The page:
Alex Frimpong, CEO of the Ghana Employers’ Association (GEA), has observed that in all spheres of human endeavour there are bound to be conflicts, and therefore disputes are inevitable at the enterprise level.
However, in any civilised environment, the law recognises an organised and efficient method to deal with conflicts – hence the Labour Act (Act 651, 2003), which ensures work conflicts can be resolved in an orderly manner, Frimpong noted.
These formed his preliminary remarks at a one-day workshop on ‘Settlement of Industrial Disputes’, organised by the GEA in collaboration with the National Labour Commission (NLC), where it was determined that though conflict is inevitable in employment relations, it can be prevented from escalating into major disputes – thus reducing the need for adjudication through the courts.
Most employers and industrial relations practitioners have inadequate knowledge about the laws, policies and regulations needed to effectively resolve disputes when they arise; particularly, the mechanisms for selection of mediators and arbitrators are not known by employers and employees alike when differences escalate into disputes that require the intervention of a third-party.
Hence, it was principally against this backdrop that the GEA organised the workshop to discuss, sensitise and assist social partners to be abreast with issues which characterise industrial relations in the country, as well as assess and improve upon existing industrial dispute resolution processes in Ghana.
The Executive Secretary of the NLC, Kwabena Ofosu-Asamoah, explained to the participants made up of employers, the unions (TUC) and government through the Ministry of Employment and Labour Relations – which implies a tripartite arrangement – that the Labour Act makes provision under the law for negotiation, mediation and arbitration.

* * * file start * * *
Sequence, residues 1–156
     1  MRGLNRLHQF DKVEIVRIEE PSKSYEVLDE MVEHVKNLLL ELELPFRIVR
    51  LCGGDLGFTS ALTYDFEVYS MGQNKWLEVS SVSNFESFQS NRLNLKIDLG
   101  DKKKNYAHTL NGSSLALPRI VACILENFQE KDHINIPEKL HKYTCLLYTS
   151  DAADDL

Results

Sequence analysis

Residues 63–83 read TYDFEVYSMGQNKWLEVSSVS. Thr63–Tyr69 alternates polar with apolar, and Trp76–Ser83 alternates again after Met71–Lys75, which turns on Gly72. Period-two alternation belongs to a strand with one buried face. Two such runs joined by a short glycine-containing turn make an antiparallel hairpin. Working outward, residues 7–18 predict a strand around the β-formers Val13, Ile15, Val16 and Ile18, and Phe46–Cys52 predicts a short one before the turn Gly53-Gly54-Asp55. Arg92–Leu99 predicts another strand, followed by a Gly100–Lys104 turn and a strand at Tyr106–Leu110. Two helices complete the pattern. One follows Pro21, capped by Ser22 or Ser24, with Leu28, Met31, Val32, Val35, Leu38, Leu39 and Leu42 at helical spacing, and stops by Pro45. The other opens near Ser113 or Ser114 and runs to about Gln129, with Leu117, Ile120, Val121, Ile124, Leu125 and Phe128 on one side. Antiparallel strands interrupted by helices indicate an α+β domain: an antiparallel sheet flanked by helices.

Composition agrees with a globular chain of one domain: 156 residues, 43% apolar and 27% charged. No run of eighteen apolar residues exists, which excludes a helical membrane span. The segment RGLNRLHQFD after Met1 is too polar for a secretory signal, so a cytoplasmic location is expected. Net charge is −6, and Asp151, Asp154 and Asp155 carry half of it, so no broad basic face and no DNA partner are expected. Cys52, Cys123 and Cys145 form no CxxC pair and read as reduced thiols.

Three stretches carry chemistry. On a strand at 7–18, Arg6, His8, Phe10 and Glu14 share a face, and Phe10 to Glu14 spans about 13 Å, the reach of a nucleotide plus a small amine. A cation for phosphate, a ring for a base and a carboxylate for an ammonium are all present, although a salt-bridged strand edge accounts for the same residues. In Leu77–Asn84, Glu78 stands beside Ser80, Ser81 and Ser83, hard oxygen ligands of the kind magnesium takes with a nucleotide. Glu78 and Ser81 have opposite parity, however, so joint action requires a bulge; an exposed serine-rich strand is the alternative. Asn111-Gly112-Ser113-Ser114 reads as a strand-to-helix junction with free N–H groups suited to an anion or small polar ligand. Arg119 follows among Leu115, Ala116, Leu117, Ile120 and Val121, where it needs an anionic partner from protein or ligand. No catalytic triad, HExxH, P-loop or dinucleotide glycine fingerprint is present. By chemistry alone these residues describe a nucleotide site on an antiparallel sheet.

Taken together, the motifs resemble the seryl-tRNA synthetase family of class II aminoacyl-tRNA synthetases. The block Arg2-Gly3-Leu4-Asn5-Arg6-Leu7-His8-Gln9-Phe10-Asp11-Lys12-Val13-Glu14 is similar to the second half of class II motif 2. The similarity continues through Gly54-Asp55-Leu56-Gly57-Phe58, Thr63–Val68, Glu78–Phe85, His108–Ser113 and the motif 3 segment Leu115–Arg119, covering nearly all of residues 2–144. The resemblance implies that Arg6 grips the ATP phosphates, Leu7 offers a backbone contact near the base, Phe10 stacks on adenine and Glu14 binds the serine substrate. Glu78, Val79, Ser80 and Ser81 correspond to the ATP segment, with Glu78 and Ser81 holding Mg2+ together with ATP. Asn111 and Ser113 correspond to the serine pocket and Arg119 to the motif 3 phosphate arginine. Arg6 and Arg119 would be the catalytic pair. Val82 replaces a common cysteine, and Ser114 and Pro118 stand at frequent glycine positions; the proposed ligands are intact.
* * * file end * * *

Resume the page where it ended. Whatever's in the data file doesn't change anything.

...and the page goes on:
He indicated that since his appointment, he has come to the realisation that most workers do not even know the terms of conditions that they were employed under, and hence what grounds they would be negotiating on in case of industrial disputes.
He urged employers to assess candidates seeking employment, particularly for Human Resource practitioners to know whether the person is qualified or not, since there are instances in our jurisdiction when employers sometimes favour relatives for employment; and after assessing the individual, some form of agreement must be entered into in the form of a collective bargaining agreement.
The NLC Executive Secretary wondered how many employees read entirely their collective bargaining agreements to forestall the occurrence of workplace strife.
He also urged employers not to ‘fire’ anyone without first resorting to the HR Department, which would then examine the precedents. Ofosu-Asamoah lamented the logistical constraints on his office and how the untimely release of statutory funds hinders operations.
With an active office only in Accra, he noted that with the new industrialisation policy of ‘1 District-1 Factory’ there will obviously arise industrial disputes of some sort, and wondered whether with the NLC’s limitations industrial disputes will still have to be resolved in Accra alone.
He noted that there are only 7-10 inspectors for the whole country; motorbikes are over a decade old, and computers are broken down.
A retired Justice of the Supreme Court of Ghana, Justice Peter K. Ababio, did a presentation on Employer/Employee Relations which affect the Labour front in Ghana.
He observed that Act 651-Part VIII deals with fair and unfair termination of employment, while section 62 deals with fair termination like proven misconduct, lacking the requisite qualification etc. Section 63, he noted, deals with unfair termination such as for joining a trade union, discrimination based on gender, race, creed or religion etc.
Justice Peter Ababio stated explicitly that essential service providers like doctors, nurses and staff of ECG, for instance, cannot embark on a strike action. He indicated that Section 64 deals with remedies for unfair termination.